"A delightful mix of fantasy, reality, conjecture, and humour; Mr Meyers draws the reader into the story with a gentle narrative that captures the imagination, leaving one anxious to get to the next page drawing you into his exceptional world.”

"Quietly, gently, and without imposition, the Author unfolds the pages, creating an intricate, interlocking bridge spanning the chasm between mind and heart. Renewing, refreshing, restoring. In my bereavement, it was vigil and light…"

“Excellently written with an exceedingly deep understanding of this world and the next. The characters are very well written and engaging. I can't wait to complete this book!"

“Takes the reader on both a philosophical and spiritual journey, a journey that at times is both disquieting and tranquil. James, a British Philosopher, can be irreverent and caustic, traits that should have left me cringing, but instead made me laugh out loud. Elysium’s Passage is a fun, enlightening and remarkable book.”

“This is a masterful fantasy, becoming a real possibility, as the reader is drawn into the story. The Summit leaves you anxious for the next book in the series, yet also leaves you totally satisfied with the world you have just visited. Genius! An exciting yet calming experience that is not to be missed."

"There was hardly a page on which I did not find at least one sentence worthy of hi-lighting for future reference. In addition, I thoroughly enjoyed the main character, James, whose personality and passionate verbal exchanges with the other characters, kept me coming back for more. I am reading the book for a second time while I wait for the next one in this series to be made available."

 “N.G. Meyers has clearly put a great deal of research and thought into what the afterlife may look like and I like his perspective. It’s an altogether welcoming and exciting vision. The book gives one a great deal to think about and a reassuring confidence that the end of our lives is truly the beginning of life in the next. I highly recommend it."

"I am really enjoying your book, it’s fantastic! It is so incredible and diversified that I can’t really explain it to other people, so what I say is just read this book. Thank you so much for the blessings that you’ve given the world!"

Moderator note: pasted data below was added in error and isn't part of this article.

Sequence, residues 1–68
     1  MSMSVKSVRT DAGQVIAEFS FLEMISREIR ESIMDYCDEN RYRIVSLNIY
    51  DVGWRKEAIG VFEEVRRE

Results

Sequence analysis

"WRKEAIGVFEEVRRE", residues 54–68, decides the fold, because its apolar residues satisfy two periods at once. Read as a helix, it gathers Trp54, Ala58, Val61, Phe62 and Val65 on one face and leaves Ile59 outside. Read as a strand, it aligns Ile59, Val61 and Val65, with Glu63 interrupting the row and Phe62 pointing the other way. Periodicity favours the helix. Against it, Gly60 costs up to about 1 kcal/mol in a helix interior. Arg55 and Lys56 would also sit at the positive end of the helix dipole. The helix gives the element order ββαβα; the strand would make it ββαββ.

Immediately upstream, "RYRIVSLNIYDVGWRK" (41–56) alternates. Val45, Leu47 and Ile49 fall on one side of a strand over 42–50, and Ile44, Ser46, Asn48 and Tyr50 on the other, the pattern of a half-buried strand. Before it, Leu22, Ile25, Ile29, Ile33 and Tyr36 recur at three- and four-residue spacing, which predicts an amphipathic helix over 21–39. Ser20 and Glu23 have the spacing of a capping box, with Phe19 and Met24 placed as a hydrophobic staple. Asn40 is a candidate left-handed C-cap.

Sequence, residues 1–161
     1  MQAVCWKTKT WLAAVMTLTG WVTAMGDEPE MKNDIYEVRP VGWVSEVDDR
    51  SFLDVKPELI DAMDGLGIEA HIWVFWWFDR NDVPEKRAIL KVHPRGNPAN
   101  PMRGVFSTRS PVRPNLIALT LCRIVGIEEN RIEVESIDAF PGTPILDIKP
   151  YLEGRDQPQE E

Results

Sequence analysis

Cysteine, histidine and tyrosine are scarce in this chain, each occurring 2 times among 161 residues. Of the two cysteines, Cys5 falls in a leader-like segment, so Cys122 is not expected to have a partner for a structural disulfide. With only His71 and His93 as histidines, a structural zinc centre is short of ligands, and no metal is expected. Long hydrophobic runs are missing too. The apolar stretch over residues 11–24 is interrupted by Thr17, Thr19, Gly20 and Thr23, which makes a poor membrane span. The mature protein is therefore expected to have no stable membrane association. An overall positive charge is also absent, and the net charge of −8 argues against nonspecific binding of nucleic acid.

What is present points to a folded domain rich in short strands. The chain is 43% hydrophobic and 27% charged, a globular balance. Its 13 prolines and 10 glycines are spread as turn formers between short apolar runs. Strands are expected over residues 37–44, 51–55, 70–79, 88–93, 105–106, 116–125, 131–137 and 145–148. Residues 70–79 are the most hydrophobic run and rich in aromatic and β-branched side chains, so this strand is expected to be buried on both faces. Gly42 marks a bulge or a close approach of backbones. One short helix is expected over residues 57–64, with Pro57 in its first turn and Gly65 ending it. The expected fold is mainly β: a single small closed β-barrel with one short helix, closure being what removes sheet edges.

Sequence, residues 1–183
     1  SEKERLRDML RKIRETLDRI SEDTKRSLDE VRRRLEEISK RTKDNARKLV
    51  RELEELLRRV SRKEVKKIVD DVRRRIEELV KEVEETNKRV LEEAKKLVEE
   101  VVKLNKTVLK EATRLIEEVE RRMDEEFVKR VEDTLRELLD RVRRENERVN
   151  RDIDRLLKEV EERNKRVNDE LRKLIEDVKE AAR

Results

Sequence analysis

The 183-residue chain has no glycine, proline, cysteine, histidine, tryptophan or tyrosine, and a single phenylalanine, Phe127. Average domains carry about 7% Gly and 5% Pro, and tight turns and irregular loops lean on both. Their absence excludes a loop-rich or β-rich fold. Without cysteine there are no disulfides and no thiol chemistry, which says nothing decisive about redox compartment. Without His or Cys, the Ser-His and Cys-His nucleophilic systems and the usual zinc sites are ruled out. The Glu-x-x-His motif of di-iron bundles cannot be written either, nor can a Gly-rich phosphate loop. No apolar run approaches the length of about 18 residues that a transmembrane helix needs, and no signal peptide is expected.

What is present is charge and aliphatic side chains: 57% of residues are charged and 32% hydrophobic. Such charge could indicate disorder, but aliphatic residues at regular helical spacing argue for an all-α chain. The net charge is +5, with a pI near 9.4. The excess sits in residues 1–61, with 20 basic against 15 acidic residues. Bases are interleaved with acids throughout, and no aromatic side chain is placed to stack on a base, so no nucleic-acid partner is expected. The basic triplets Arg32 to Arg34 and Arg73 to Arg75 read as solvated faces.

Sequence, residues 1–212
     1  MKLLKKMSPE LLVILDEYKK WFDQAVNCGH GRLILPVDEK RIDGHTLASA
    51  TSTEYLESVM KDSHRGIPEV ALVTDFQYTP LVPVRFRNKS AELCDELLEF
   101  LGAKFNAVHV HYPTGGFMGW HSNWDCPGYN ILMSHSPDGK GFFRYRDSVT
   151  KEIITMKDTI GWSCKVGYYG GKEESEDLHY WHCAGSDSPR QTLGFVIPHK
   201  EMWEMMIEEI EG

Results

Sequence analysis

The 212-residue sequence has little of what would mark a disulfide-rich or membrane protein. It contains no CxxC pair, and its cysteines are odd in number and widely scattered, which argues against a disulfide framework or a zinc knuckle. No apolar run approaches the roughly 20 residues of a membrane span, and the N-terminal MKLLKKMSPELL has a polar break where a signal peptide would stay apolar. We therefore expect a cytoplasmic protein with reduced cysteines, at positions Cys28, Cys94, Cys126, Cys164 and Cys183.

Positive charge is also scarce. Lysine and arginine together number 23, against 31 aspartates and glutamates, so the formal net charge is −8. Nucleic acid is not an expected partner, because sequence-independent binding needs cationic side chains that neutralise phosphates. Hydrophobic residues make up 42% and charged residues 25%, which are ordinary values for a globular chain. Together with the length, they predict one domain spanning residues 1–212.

“The humour interjected into a serious discussion makes me laugh out loud. Totally unexpected....l may be in the presence of at least a master, if not a genius. A fair ride into reality... seeking that which is unseen, yet absolutely real.”

“An engaging story of adventure embracing man's deepest desire to search for meaning and purpose, N.G. Meyers takes the reader on an adventurous thought-provoking journey. This book has substance. It is a perfect blend of adventure and fantasy combined with spiritual philosophy. It ignited my imagination. The author magically weaves a good story laced with wit and humour together with deep philosophical wisdom. This book has it all!”

“An evolution in thought is triggered by many fresh philosophical themes which could inspire readers to re-think their reality and former ideologies that have dictated their lives… the author fires readers’ imaginations to view what could be possible when our spirit vacates the body.”

“This is the book spiritual seekers have been waiting for. For me, it granted a great read as well as increased inspiration to live every day with a heightened sense of purpose. I highly recommend it.

“The Summit is capable of hooking readers and luring them to search for Book 2 to discover more about Dr. Philip’s surreal trek into the mysterious unknown universe. This thick book is well worth the read and to share…”

“Mind-blowing statements and speculation (‘…everyone is a non-physical thought form conceived in the Mind of God, preserved for all eternity because God’s thoughts never die…’). Many will find Meyers’ journey up the Mountain intriguing—and possibly even life-changing.” (BLUEINK REVIEW)

“In its effort to grapple with fundamental questions about the meaning of life, it raises questions that have echoed throughout the ages, including about where we come from, where we are going, who we are.”  (CLARION REVIEW)